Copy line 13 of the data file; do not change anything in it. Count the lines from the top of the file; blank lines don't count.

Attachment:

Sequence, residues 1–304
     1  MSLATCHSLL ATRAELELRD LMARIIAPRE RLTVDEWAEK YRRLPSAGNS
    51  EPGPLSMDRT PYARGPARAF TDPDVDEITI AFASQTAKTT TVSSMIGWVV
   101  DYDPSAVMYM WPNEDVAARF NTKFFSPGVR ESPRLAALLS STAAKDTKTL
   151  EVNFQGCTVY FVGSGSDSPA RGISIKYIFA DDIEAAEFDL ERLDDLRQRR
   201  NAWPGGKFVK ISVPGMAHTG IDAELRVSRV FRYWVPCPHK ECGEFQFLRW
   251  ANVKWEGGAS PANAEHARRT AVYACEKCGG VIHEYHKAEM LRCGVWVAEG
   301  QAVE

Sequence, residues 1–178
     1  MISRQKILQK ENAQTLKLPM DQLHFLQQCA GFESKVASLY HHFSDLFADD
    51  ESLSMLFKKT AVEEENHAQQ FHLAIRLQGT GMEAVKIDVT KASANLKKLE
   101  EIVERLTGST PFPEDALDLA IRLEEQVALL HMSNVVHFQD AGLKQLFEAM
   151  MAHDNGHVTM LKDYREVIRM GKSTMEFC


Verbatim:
   151  MAHDNGHVTM LKDYREVIRM GKSTMEFC